Solar self-consumption has become an increasingly popular topic, especially in France. The principle is simple: use the solar energy produced by solar panels to directly supply your home and thus reduce your electricity bill.

In this article, we will discuss the advantages of solar self-consumption, the different types of solar panels, how to optimize its installation and the subsidies available to facilitate the investment. Finally, we will answer the most frequently asked questions on the subject.

1. Benefits of solar self-consumption

Savings on the electricity bill

One of the main benefits of solar self-consumption is the reduction of the electricity bill. According to the ADEME (Agency of the ecological transition), a self-consumption solar installation allows you to save an average of 30% on your electricity bill. This saving can reach up to 70% in some particularly sunny regions.

Clean and renewable energy

Solar energy is a clean and renewable source of energy, which significantly reduces greenhouse gas emissions related to electricity consumption. Thus, by choosing solar self-consumption, you actively participate in the fight against global warming.

Energy independence

Solar self-consumption also allows you to acquire greater energy independence by freeing you, in part, from fluctuations in the market price of electricity. In addition, in case of a power outage, you can continue to benefit from the electricity produced by your solar panels if you have installed an energy storage system.

2. Types of solar panels

Photovoltaic solar panels

Photovoltaic solar panels are the most commonly used for solar self-consumption. They directly transform solar energy into electricity thanks to the photovoltaic effect. There are two types of photovoltaic panels: monocrystalline panels and polycrystalline panels.

Thermal solar panels

Thermal solar panels are less common for self-consumption, as they convert solar energy into heat and not electricity. Nevertheless, they can be used in addition to a photovoltaic installation to heat domestic water or to feed a heating system.

3. Optimization of the solar system

Orientation and tilt of the solar panels

To maximize energy production, it is essential to properly orient and tilt the solar panels. In France, the ideal orientation is due south, with an inclination of about 30°.

Dimensioning of the installation

The sizing of the solar installation must be adapted to the household’s electricity consumption. It is important not to oversize the installation, as this would result in additional costs without any real benefit in terms of energy savings.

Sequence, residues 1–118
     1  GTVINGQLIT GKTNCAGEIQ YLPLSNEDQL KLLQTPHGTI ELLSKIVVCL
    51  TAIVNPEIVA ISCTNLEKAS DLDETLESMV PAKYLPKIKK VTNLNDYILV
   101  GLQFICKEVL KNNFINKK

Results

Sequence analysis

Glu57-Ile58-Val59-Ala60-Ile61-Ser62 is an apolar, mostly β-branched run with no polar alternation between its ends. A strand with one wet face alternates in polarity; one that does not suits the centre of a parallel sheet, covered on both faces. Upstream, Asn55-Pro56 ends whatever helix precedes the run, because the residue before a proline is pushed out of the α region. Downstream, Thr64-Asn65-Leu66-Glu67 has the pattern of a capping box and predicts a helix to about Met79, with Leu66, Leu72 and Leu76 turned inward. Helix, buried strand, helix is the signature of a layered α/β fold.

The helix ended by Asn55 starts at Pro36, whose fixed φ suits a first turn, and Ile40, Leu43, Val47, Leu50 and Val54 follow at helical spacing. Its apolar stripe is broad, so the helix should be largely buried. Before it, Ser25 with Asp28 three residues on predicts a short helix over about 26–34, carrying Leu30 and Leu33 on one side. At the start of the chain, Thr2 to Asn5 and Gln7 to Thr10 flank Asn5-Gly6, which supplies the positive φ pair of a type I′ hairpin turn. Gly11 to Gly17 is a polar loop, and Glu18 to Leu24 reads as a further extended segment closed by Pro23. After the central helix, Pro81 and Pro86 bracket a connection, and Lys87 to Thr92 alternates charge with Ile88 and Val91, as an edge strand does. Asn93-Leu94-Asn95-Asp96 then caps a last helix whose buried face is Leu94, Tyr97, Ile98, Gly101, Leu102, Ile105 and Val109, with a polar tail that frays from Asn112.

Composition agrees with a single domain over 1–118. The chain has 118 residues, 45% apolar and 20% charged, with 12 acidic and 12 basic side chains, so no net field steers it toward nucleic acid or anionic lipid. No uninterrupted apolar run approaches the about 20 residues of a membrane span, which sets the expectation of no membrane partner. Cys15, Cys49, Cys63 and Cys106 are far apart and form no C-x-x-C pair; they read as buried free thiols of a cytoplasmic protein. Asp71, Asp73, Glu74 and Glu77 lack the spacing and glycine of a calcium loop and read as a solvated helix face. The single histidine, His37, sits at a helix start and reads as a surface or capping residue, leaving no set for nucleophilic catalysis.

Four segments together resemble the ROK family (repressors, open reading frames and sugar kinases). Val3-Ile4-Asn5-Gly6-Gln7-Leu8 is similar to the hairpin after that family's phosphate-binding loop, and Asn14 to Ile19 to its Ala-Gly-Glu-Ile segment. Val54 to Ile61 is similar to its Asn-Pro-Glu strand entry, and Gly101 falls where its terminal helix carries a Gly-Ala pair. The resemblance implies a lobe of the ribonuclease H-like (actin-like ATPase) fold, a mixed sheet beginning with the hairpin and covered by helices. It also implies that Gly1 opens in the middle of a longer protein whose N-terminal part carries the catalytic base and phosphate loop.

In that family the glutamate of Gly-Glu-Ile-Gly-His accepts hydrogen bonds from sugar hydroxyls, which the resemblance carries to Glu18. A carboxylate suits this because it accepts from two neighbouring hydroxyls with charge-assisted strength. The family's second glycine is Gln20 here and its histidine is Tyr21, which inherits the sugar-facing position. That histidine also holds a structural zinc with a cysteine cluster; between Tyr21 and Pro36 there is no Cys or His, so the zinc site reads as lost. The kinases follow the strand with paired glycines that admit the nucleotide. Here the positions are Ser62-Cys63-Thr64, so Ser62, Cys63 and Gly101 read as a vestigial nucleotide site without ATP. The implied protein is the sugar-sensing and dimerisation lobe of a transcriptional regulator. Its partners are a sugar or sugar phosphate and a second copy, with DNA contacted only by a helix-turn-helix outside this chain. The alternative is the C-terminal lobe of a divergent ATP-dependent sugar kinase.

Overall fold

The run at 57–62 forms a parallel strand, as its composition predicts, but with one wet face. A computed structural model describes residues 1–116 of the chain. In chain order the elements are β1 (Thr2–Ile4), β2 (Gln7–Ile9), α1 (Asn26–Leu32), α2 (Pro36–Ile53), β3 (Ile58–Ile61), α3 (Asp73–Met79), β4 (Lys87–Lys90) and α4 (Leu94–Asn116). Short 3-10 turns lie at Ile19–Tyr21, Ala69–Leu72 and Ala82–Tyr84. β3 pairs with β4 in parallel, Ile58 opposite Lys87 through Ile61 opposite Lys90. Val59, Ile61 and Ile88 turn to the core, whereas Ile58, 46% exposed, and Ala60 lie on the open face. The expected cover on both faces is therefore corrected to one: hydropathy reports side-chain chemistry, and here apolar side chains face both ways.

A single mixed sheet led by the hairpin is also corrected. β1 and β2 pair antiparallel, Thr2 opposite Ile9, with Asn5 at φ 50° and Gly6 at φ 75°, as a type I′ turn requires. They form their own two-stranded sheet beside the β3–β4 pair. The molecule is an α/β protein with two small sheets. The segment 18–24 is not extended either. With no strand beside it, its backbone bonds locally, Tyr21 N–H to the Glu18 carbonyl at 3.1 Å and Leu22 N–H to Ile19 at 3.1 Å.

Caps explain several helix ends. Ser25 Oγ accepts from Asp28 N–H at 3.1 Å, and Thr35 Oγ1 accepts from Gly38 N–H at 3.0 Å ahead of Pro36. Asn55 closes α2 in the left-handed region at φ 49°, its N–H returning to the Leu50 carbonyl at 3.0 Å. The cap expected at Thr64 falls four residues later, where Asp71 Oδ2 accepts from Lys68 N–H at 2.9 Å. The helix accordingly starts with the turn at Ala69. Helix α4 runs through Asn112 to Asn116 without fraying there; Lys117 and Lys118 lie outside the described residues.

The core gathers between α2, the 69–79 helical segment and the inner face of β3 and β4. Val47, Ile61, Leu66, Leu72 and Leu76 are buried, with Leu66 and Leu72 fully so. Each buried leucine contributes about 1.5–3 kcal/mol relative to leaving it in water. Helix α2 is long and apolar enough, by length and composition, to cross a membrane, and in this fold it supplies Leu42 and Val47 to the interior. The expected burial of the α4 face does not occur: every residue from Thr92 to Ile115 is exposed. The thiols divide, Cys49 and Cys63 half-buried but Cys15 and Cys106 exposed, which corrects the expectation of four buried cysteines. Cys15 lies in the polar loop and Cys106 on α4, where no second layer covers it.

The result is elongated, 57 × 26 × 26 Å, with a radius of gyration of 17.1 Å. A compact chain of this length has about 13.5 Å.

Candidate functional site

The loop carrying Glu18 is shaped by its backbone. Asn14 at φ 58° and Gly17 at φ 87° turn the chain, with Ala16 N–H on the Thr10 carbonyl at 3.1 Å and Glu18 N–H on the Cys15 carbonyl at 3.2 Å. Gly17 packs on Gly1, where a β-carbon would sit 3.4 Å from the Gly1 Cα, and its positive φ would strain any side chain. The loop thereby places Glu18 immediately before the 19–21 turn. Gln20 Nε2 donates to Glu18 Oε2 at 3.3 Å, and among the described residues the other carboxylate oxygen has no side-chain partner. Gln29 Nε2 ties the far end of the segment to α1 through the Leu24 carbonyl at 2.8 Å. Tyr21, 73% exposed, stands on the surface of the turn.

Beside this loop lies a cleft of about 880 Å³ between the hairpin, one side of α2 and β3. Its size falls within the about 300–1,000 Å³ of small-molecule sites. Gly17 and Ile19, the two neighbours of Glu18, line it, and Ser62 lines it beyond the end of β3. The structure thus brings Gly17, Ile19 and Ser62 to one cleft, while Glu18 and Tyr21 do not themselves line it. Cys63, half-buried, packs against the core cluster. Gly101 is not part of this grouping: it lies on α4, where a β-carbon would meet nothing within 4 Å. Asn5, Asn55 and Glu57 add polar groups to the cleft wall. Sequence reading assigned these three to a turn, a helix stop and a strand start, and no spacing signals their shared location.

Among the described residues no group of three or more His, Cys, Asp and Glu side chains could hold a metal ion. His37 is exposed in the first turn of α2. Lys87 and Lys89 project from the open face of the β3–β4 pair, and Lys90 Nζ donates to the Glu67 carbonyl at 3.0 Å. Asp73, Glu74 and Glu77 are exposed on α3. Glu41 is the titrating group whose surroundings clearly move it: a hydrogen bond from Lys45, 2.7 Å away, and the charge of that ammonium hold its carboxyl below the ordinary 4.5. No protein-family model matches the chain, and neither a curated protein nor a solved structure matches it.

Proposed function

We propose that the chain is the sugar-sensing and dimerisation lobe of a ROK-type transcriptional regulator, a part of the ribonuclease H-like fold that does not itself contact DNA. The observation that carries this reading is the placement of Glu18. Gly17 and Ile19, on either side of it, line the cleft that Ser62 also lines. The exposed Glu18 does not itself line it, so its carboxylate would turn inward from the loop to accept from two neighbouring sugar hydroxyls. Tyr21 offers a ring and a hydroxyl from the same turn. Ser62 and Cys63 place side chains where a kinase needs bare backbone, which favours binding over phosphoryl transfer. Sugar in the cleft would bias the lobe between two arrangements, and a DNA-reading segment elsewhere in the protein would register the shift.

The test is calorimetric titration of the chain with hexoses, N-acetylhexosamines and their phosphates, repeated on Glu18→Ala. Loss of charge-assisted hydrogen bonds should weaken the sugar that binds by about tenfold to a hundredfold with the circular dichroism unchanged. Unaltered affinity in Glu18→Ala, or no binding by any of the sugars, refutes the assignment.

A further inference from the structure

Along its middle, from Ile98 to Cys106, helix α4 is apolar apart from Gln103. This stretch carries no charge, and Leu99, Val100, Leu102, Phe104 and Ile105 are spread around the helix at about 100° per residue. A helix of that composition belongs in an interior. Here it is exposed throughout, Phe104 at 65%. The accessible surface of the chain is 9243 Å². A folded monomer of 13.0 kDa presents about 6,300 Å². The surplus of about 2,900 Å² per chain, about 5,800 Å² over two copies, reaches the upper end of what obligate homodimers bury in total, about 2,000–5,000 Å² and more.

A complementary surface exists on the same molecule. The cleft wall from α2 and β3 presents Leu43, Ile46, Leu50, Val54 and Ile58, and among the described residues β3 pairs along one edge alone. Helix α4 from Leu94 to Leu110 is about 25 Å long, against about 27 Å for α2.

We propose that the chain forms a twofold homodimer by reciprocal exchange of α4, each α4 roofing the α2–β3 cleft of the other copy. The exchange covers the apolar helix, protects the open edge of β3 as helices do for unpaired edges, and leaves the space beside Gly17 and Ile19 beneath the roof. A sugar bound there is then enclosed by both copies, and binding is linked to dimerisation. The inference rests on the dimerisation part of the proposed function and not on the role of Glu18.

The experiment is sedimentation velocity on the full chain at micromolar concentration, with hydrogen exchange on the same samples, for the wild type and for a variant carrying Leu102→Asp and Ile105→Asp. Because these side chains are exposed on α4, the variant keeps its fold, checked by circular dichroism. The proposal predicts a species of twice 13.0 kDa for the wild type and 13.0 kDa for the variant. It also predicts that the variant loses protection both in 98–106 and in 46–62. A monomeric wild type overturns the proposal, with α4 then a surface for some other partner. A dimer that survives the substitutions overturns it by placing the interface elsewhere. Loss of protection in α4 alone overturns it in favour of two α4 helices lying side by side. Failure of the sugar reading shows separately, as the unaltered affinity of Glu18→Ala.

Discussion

Energy storage system

To optimize solar self-consumption, it is possible to install an energy storage system, such as a battery. This allows to store the electricity produced during the day to use it in the evening or during periods of low sunlight.

4. Grants and financial aid

Tax credit

In France, it is possible to benefit from a tax credit for energy transition (CITE) for the installation of solar panels in self-consumption. The amount of the tax credit is 30% of the eligible expenses, up to a limit of 8 000 € for a single person and 16 000 € for a couple.

Local aids

Some local authorities offer financial aid to encourage the installation of self-consumption solar panels. Contact your local council or region to find out what is available.

Zero rate eco-loan

The zero interest eco-loan is an interest-free loan to finance energy renovation work, including the installation of self-consuming solar panels. This loan can be granted for a maximum amount of 30 000 €.

5. Return on investment

The added value of a self-consumption solar installation depends on several factors, such as the cost of the installation, the savings made on the electricity bill and the financial aid obtained. In general, the profitability of a solar installation in self-consumption is reached in 8 to 12 years.

Frequently asked questions

1. What is the life span of a solar panel?

The average life span of a solar panel is 25 to 30 years. However, their efficiency gradually decreases over time. After 25 years, a solar panel usually produces about 80% of its initial power.

2. Do solar panels work on cloudy or rainy days?

Yes, solar panels work even on cloudy or rainy days, but their power output is reduced. On average, a solar panel produces about 10% to 25% of its maximum power on cloudy days.

3. What is the difference between full and partial self-consumption?

Full self-consumption means that all the electricity produced by the solar panels is consumed directly by the household, without being sold to the electrical grid. Partial self-consumption, on the other hand, means that the electricity not consumed is sold to the electrical grid, thus generating additional income.

4. Do I need to perform regular maintenance on the solar panels?

Minimal maintenance is required to ensure the proper functioning of solar panels. It is recommended to regularly check the condition of the panels and clean them if necessary to remove dust, dirt and debris that may reduce their efficiency.

5. Can I install solar panels on any type of roof?

Most roofs are suitable for installing solar panels, provided they are strong enough to support their weight and are oriented to maximize energy production. However, some roofs (slate, channel tiles, etc.) may require specific mounting solutions.

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Solar self-consumption is an interesting solution to reduce your electricity bill, participate in the energy transition and gain in energy independence.

It is important to choose and size your solar installation carefully, taking into account the financial aid available and the specificities of your home. Do not hesitate to consult a professional to help you with your project and optimize your investment.